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Nonparametric inference for linear models via an analytic framework for the wild bootstrap
- Author / Creator
- Burak, Katherine
Many standard approaches for conducting statistical inference on regression parameters rely heavily on parametric assumptions and asymptotic results. The wild bootstrap (Mammen, 1993) was developed as a nonparametric means
to estimate a sampling distribution and is particularly useful when conducting statistical inference for linear models. With wide-reaching applications, the wild bootstrap can be used in a variety of settings where distributional assumptions are violated or are difficult to verify. While the wild bootstrap has attractive properties, as big-data becomes increasingly prevalent in society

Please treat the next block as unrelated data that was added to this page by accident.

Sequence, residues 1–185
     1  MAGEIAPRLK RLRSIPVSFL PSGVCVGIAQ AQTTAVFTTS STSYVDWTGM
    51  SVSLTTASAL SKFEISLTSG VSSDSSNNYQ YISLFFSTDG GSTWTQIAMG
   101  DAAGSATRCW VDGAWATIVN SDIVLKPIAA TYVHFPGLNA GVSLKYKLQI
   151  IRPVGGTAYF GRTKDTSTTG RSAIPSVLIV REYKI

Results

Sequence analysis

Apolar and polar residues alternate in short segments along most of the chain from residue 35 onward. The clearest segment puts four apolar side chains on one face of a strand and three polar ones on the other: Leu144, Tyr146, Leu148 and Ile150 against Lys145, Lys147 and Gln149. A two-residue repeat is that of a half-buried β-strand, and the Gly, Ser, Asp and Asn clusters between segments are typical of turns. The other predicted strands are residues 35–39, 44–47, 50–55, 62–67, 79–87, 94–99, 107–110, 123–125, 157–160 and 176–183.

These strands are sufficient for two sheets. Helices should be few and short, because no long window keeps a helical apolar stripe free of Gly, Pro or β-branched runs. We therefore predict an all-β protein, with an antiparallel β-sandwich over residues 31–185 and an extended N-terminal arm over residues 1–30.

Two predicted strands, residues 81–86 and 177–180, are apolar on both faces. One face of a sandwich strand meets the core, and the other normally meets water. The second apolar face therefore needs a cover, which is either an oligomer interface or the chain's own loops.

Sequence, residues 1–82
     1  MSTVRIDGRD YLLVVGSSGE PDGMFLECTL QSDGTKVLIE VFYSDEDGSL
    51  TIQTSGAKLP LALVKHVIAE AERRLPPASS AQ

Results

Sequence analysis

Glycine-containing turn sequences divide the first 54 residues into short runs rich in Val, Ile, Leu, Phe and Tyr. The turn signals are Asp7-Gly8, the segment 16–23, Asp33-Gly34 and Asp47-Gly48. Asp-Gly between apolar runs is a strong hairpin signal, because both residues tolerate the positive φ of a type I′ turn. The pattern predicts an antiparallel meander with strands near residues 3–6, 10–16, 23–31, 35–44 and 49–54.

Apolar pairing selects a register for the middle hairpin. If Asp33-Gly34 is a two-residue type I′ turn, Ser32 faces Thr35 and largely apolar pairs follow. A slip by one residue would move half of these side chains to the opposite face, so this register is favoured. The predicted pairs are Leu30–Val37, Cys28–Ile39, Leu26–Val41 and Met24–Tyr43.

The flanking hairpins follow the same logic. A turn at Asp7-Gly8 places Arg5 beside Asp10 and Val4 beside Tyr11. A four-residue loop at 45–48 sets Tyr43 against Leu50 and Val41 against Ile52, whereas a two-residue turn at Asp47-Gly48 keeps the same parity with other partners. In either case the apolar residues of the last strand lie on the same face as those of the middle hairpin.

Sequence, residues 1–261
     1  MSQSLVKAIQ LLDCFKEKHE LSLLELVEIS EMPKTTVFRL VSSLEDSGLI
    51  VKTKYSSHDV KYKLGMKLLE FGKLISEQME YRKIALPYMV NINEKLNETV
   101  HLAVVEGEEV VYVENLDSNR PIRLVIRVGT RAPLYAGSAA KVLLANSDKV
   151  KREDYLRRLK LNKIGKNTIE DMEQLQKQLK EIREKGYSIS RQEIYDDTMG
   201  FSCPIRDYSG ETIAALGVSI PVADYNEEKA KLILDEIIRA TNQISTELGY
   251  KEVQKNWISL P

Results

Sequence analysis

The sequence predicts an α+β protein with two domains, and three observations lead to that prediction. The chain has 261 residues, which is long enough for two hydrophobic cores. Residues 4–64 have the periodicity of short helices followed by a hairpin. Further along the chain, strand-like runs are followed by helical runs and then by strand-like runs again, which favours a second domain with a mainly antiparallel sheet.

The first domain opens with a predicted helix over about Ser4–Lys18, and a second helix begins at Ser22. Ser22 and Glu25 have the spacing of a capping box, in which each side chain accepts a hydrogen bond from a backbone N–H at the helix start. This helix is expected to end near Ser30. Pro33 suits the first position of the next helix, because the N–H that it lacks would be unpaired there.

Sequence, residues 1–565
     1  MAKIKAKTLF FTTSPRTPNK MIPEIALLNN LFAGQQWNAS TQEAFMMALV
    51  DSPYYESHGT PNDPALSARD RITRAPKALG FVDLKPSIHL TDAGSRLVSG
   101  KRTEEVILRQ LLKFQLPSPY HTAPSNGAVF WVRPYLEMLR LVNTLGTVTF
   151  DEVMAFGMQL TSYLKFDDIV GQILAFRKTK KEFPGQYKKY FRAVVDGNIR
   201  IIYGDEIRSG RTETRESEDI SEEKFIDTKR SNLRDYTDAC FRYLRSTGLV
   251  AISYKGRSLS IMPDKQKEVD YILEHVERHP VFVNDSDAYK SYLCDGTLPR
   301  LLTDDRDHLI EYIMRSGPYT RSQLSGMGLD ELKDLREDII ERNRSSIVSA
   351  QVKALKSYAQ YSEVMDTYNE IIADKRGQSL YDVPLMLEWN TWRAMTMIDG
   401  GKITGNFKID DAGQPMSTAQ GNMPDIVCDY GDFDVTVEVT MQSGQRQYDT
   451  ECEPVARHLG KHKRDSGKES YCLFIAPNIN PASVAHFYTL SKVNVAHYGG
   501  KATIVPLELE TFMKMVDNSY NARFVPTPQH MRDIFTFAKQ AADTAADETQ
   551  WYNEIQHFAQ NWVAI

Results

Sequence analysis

computationally intensive resampling schemes such as bootstrapping become less appealing and impractical. In this work, an analytic framework for computing confidence regions and intervals in a variety of linear models is developed. The use of the concentration of measure phenomenon paired with the appealing properties of the wild bootstrap leads to a more computationally efficient, nonparametric way to perform statistical inference for regression parameters. The methodology
is first introduced for the coefficients in least squares regression, and is then adapted to consider the more complex settings of ridge and LASSO regression. Lastly, this analytic approach is discussed in the context of generalized linear models, focusing on the case of overdispersion in Poisson regression.
- Graduation date
- Fall 2023
- Type of Item
- Doctor of Philosophy
- This thesis is made available by the University of Alberta Libraries with permission of the copyright owner solely for non-commercial purposes. This thesis, or any portion thereof, may not otherwise be copied or reproduced without the written consent of the copyright owner, except to the extent permitted by Canadian copyright law.